Our own Emily St. John Mandel guest judged Electric Literature’s Critical Hit Awards this month. She discussed what she looks for in a book review in an interview with Brian Hurley. “I prefer reviews that go beyond talking about literature, so that the book under review is considered in the context of the surrounding world,” she said. The winners are Andrew Winer’s review of The Kraus Project by Jonathan Franzen, Rachel Monroe’s review of The Contested Murder of Latasha Harlins by Brenda Stevenson, and our own review of Karen Green’s Bough Down by Suzanne Scanlon.
Anthony Domestico, who studied under James Wood at Harvard, turns in a review of the critic’s latest non-fiction collection, The Fun Stuff. Aside from penning an astute review of the book, Domestico draws from his firsthand experience with Wood to pepper his write-up with details such as this: “While puzzling over a complex passage, he would vigorously rub the top of his head, as if hoping to coax interpretive brilliance from his bald spot like a genie from a lamp.” (Bonus: our own Lydia Kiesling takes a look at Wood’s latest for Bullet Media.)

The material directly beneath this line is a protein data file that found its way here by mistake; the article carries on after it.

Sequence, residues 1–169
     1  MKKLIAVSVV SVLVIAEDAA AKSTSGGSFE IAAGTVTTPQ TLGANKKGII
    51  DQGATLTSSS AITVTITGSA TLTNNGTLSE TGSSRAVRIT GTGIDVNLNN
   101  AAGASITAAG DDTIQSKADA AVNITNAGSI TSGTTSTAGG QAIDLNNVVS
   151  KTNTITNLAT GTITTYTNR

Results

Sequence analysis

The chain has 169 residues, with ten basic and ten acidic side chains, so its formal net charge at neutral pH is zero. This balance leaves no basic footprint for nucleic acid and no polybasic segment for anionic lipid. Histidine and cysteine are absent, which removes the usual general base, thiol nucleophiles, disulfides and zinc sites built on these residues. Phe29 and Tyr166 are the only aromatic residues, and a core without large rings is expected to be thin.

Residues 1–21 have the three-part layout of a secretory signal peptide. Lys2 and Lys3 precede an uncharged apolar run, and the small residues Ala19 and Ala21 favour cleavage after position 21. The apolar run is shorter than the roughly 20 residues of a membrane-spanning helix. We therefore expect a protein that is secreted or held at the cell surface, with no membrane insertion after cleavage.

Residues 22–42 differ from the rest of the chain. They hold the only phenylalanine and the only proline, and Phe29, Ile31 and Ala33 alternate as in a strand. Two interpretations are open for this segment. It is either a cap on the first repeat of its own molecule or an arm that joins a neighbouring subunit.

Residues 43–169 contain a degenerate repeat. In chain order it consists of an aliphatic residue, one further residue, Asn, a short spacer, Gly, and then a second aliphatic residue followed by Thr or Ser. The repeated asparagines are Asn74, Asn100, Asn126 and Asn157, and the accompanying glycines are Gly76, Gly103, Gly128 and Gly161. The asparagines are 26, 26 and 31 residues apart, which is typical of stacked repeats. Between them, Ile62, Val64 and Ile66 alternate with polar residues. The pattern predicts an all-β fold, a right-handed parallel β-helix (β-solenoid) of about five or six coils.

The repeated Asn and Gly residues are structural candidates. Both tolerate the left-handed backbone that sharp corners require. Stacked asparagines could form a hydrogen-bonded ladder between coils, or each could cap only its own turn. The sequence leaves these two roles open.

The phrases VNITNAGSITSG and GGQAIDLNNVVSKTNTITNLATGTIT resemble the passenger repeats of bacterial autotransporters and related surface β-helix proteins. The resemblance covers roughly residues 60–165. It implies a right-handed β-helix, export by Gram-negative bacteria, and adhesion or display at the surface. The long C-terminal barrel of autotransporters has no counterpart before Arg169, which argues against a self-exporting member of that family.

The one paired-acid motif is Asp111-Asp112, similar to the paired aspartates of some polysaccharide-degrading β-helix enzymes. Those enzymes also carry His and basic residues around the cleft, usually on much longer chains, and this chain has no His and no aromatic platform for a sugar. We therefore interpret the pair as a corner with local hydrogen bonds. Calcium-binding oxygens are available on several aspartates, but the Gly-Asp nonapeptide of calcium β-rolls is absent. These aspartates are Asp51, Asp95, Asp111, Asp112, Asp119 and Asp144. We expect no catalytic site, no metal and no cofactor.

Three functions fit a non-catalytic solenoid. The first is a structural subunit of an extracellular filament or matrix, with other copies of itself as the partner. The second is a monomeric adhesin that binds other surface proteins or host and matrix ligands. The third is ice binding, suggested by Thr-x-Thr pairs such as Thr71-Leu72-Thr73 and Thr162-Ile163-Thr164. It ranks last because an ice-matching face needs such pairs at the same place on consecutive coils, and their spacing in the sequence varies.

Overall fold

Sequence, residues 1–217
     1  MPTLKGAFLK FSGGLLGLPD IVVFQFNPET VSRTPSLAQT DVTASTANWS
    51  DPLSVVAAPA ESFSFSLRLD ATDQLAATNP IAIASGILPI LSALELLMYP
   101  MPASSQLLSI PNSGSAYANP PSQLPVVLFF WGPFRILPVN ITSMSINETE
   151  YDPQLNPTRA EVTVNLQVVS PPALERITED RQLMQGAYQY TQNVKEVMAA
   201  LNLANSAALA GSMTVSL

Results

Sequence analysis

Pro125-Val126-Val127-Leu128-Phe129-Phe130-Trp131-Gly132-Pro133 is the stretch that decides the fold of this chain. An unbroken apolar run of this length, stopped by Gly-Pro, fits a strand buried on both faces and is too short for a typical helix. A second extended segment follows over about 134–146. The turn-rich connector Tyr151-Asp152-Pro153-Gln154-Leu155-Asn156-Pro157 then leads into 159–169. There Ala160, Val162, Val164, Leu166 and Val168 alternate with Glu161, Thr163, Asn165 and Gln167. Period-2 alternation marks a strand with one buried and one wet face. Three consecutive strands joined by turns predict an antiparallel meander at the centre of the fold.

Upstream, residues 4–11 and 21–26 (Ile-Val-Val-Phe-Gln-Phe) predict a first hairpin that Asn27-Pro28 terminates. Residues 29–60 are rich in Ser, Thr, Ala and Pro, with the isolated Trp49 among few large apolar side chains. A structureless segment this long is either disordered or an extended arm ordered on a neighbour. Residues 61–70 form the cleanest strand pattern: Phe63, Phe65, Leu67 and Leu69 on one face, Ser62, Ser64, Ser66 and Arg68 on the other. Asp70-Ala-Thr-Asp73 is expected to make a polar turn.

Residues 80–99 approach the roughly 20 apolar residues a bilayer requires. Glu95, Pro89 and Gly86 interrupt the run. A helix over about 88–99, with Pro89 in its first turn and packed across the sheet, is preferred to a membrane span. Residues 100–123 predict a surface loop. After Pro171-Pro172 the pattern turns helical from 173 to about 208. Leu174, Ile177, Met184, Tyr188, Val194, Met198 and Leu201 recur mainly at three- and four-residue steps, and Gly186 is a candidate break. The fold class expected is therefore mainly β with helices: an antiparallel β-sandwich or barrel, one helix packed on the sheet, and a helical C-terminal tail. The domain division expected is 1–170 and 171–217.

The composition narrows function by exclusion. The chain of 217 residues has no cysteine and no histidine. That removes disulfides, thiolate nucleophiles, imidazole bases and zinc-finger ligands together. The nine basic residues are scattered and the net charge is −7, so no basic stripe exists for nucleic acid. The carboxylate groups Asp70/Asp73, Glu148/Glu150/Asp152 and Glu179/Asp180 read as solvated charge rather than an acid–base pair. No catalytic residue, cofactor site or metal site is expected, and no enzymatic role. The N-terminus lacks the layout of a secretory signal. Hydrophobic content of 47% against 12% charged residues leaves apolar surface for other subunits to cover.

2,000 recently digitized copies of Ernest Hemingway’s papers will be transferred from Cuba to Boston’s John F. Kennedy Library – this will be the first time copies of the papers will be available to U.S. researchers. As of right now, I don’t believe there are any plans to return the urinal Hemingway took from a Key West bar to its proper location in Sloppy Joe’s.
” I love the shape of words, I love the comet-tail histories of words. I love the roll and crunch of syllables in my mouth.” In Electric Literature, Laura van den Berg interviews R.O. Kwon about religious fanaticism, “unknowing,” and her upcoming debut novel, The Incendiaries. Pair with: Kwon’s 2017 Year in Reading.
Granta has a new series in which authors explain how they arrived at successful opening sentences. In the latest installment, Colombian author Héctor Abad links the brain chemistry that inspired him to write his chosen sentence with the chemistry that inspired him to fall in love with his wife.
“In one of his last columns, published in March 1966, Flann O’Brien looked back on his catechism, compiled more than twenty years earlier, and described it as ‘an exegetic survey of the English language in its extremity of logo-daedalate poliomyelitis, anaemic prostration and the paralysis of incoherence.’ One month after writing that, he was dead, and yet within a year a remarkable renaissance was taking place, with the long-delayed publication of his great comic fantasy The Third Policeman and, soon afterwards, the first of many anthologies of the ‘Cruiskeen Lawn’ columns, this one entitled The Best of Myles.” (Related: our own Mark O’Connell on the humor in O’Brien’s work.)